Social media is ubiquitous. Try as you may, you can’t avoid it. Even now the social media giants are all trying to address privacy concerns. I was a long-time hold out from using Facebook, or any social media platform for that matter, for fundraising. And though privacy concerns exist, I have to say my view of social media as a fundraising tool radically changed this year.
For my birthday I wanted raise money for Coburn Place, an Indianapolis-based organization offering housing and support to domestic violence survivors. I kept my expectations very low, hoping to raise $250. Frankly, I didn’t want to be embarrassed. I had seen other fundraisers struggle to hit goal; I am a professional fundraiser and I didn’t want to suffer the same fate. (Who says there isn’t ego in fundraising?) Imagine my delight when in three days, I had raised over $1,800!
Here’s how it worked:
1. Start small, build up.
As I mentioned, I set an initial goal of $250 and promised to match dollar for dollar (more to come on that later). It took about 24 hours to reach that goal, so I thought I could push for more. In the next eight hours, I raised nearly $1,000. So again, I upped the goal to $1,500, which was surpassed the next day. This gave each donor a sense that they were really helping get to incremental goals, rather than their gift being a small drop in a big bucket.
2. Be specific.
Each goal was tied to a specific project or program. Coburn Place does a great job aligning outcomes with donation amounts on their website. At each step, I published what the goal amount would do. My goal had always been to sponsor an apartment, but I didn’t think it was possible. By building up momentum early on, I was finally able to set the goal of $1,500 to sponsor an apartment. All of my posts were then about my friends and family’s ability to provide a safe home for a DV survivor. For Coburn Place, it’s about the money, but for donors, it’s about helping a family.
3. Start with a match.
Matching gifts are not new, but they work because it builds on a donor’s psychological need to work together. This wasn’t something I was asking my family and friends to do for me (or for Coburn Place), it was something they were doing WITH me. Peer-to-peer fundraising (whether on line or in person) depends on the solicitor having made their gift first.
4. Spread the word.
Most of the Facebook fundraisers I’ve seen fail because the member just puts them out there, expecting people to stumble across the page and give. No matter the method, passive fundraising doesn’t work as well as active fundraising. I invited over 250 friends to the fundraiser, I started with close friends and those likely to give. Each time a friend gave, I tagged them in a post so it would appear in front of their friends. In total, 40 donors from 10 different states and Canada gave, but the total reach was several times that.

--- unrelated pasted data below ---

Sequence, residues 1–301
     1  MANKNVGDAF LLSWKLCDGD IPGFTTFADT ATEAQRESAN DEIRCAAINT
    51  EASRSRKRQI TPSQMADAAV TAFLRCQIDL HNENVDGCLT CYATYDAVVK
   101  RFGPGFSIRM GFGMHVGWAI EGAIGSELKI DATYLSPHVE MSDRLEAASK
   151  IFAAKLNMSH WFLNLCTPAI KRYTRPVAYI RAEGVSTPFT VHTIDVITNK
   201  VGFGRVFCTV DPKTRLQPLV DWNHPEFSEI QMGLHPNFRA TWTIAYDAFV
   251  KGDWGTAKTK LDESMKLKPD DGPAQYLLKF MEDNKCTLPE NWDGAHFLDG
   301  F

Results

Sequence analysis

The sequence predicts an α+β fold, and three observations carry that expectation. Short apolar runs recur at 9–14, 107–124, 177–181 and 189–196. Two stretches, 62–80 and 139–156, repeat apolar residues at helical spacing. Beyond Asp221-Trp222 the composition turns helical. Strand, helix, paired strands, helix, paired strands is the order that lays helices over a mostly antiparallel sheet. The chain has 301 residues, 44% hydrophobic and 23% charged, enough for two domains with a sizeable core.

5. Show appreciation.
Again, regardless of the fundraising appeal, donors should receive some #donorlove. I thanked donors through a variety of means: an immediate social media thank you on Facebook and Twitter, progress updates in group posts tagging friends, and private messages. Facebook doesn’t share donor and address information to the receiving organization, so I private messaged all donors requesting their contact information so I could send a personal hand-written note, and the organization could properly acknowledge the gift. Finally, I have kept my family and friends informed through forwarding newsletters and inviting them to volunteer to furnish the apartment we sponsored.
These are the steps I found attributed to my fundraiser’s success. However, the fundraising hasn’t stopped. A couple of friends have since become Coburn Place monthly or in-kind donors, and our other friends are more aware of our participation so have asked how they can continue to help.
For their part, Coburn Place is incredible at stewardship! They sent individualized thank you letters to all my family and friends citing their participation in my birthday fundraiser as well as inviting their own further involvement.
Social media has many downsides, and I don’t believe that social media is the panacea to solve your fundraising needs. However, done well, your social media followers can become donors, advocates, and volunteers extending your message’s reach and helping you connect to new donors.